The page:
Mark D. Smith-USA TODAY Sports

Reggie Jackson Has To Dominate


Reggie Jackson is one of the 30 best point guards in the league, which means that he could be a starter on the wrong. He’s the back-up for the Oklahoma City Thunder though. In a league dominated by guard play, having a player like Reggie Jackson coming off the bench is a luxury that few teams have. So when Reggie is on the floor, he needs to be dominating.

In game one, he was. The result; a 14 point Thunder victory. In game two, he wasn’t. The result; a 6 point Thunder loss in overtime.

Reggie only had nine points in the first game and he only made one shot from the field. But he contributed with eight rebounds, four assists and got to the line for eight free throws, more than any other player on the Thunder. He attacked the Memphis Grizzlies defense, got opposing players in foul trouble, and caused havoc.

Game two was a nightmare for Reggie. His shot didn’t fall once and he only got to the free throw line twice. He finished with two points, three rebounds, and two assists. He was outplayed by Memphis backup Beno Udrih, who had 14 points in 14 minutes.

Reggie averaged 13 points during the regular season. That number is inflated a bit because he was the starter while Westbrook is out, but it just goes to show how good he can be against starters. So why can’t he be that good against bench players? Obviously things don’t work like that. As a starter, teams geared up to stop Durant and Ibaka, giving Jackson more room to operate. Off the bench, Jackson is the primary focus. But that’s no excuse to struggle against Beno Udrih and the Grizzlies weak group of reserves.

Jackson’s defense has been his weak point all year, so it’s not exactly surprising when he gives up points to opposing guards. That doesn’t mean getting outscored 14-2 by Beno Udrih is excusable, but if he’s going to give up 14 points to his rival backup, he must score 16.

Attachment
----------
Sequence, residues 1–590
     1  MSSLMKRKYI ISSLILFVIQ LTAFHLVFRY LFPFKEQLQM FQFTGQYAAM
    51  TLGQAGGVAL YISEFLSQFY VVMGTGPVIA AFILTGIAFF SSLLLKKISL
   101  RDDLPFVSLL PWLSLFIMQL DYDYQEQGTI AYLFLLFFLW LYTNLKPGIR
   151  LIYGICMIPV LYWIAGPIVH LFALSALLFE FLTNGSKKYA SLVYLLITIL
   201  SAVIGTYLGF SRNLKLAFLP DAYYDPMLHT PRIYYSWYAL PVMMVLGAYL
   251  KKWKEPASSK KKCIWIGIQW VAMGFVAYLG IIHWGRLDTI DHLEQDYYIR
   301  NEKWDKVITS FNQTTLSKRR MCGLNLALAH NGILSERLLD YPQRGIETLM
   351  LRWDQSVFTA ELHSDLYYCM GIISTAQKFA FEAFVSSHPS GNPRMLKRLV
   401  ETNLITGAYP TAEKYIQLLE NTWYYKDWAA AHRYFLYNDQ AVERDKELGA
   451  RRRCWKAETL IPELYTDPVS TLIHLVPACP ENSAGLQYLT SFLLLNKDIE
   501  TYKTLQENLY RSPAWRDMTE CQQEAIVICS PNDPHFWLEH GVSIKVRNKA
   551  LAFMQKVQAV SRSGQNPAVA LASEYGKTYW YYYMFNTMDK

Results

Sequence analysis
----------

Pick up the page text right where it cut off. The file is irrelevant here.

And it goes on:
Jackson’s shot hasn’t been falling in this series, but anyone who has watched OKC all season knows that Jackson is a special kind of athlete. In fact, if Westbrook wasn’t a freak athlete, we’d all be marveling at Jackson’s athletic ability on the floor. He has the speed, quickness, handle, and strength to break down defenders, get to the rim, take contact, and finish. He proved that in game one. Something changed in game two. Whatever it was, Jackson needs to figure it out and adjust for game three.

Reggie is good enough to take over games when Westbrook and Durant sit. There’s a reason why the Thunder didn’t fall off when Russell Westbrook missed the middle part of the season. Yes, Kevin Durant raised his game to another level. And yes, Serge Ibaka stepped up. But Jackson stepped up as well. So much so that some people thought it would be wise for OKC to trade Westbrook, add some extra pieces, and make Jackson the full-time starter. Those people would’ve been wrong, but it just goes to show how much of an impression Jackson made while Westbrook sat in the press box.

The more Jackson struggles, the more Derek Fisher will play. Although Fisher is only going to give you the occasional three on the offensive end a plenty of fouls on the defensive end, head coach Scott Brooks would rather live in poverty with no medical care than die in a mansion right next to a hospital.

Kevin Durant and Russell Westbrook will get theirs, Serge Ibaka will be a strong contributor, and the rest of the team will make a shot or two. Reggie Jackson is the momentum changer and the Thunder isn’t winning this series if Jackson doesn’t play better.

Tags: Oklahoma City Thunder